Loma Prieta Earthquake 30th Anniversary: The Bay Area Remembers

SAN FRANCISCO, CA — Thirty years ago Thursday, tens of thousands of people had filled Candlestick Park to watch Game 3 of the World Series between the Oakland Athletics and the San Francisco Giants when the stadium began to sway.

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“I tell you what, we’re having an earth–” ABC broadcaster Al Michaels said on the air before the network’s broadcast was abruptly cut.

Michaels was right — the 6.9-magnitude Loma Prieta earthquake had just begun in Santa Cruz County on Oct. 17, 1989, rippling across Bay Area along the San Andreas Fault. It caused 63 deaths, more than 3,700 injuries and billions of dollars in damage, including roadway collapses on the San Francisco–Oakland Bay Bridge and Nimitz Freeway.

And the ripple effects continue to this day. Every year on Oct. 17, Californians take part in the Great ShakeOut — an earthquake drill that began in 2008 in which participants practice dropping to the ground, taking cover, and holding on until the ground stops shaking.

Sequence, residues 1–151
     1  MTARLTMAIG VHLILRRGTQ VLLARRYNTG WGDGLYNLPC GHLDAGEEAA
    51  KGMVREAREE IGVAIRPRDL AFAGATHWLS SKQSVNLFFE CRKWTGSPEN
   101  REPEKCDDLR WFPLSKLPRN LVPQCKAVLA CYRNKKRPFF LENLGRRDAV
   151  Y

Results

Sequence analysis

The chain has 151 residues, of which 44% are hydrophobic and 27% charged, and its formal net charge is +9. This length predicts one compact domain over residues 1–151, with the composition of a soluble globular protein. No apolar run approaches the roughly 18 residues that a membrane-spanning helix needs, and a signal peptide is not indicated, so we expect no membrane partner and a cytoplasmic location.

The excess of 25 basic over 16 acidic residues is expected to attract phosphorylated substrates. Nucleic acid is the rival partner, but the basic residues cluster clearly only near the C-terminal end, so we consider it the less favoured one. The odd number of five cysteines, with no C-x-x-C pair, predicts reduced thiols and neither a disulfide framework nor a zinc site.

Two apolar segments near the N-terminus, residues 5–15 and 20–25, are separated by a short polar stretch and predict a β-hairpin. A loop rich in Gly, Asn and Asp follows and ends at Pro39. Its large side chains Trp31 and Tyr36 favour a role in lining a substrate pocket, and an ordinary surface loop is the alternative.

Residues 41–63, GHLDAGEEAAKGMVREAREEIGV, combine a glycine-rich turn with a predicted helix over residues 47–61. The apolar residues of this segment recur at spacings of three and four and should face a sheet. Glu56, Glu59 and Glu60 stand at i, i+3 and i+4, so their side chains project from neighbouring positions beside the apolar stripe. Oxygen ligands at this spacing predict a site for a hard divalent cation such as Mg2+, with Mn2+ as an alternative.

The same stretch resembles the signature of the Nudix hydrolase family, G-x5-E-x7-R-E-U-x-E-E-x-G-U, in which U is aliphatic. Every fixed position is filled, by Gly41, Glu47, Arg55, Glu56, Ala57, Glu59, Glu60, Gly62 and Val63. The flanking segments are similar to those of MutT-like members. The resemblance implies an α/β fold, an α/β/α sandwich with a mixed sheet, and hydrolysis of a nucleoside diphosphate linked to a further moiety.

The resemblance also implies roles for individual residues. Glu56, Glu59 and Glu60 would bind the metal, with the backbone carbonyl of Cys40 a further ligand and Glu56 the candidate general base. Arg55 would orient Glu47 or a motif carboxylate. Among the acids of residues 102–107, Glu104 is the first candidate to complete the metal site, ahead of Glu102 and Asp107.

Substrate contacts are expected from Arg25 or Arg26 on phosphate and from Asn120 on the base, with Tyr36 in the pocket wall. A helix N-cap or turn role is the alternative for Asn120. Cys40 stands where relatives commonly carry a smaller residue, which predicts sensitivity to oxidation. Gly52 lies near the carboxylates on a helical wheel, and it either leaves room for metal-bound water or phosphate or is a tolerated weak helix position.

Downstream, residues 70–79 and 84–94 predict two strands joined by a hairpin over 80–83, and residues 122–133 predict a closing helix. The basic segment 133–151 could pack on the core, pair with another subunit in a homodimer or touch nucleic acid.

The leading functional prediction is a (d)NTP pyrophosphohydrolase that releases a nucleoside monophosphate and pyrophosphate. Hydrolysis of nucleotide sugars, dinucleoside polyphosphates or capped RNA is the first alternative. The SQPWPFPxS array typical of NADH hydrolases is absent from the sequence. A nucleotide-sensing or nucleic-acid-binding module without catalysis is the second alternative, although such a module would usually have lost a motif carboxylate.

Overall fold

No doubt, this year’s ShakeOut will have a special significance on the 30th anniversary of the Loma Prieta quake.

“The Loma Prieta earthquake was a tragedy that caused immense suffering for thousands of California residents,” Glenn Pomeroy, CEO of the California Earthquake Authority, said in a statement.

“Anniversaries for big earthquakes often serve as painful reminders of why we need to know how to drop, cover and hold on when the ground shakes, and know how to financially recover from damage that may be expensive to repair,” Pomeroy said.

Emergency workers prop up a building in San Francisco’s Marina District, which suffered some of the city’s worst damage. (Otto Greule Jr./Getty Images)

Plus, there have been other, more dramatic reminders of Loma Prieta in the Bay Area recently. A spate of earthquakes has rocked the region this week, starting with a 4.5-magnitude quake Monday night and followed by two more Tuesday afternoon and evening.

Fortunately, these quakes were tame compared to the devastation of Loma Prieta. But they reminded people around the Bay Area — even those who weren’t around in 1989 — what those fault lines are capable of.

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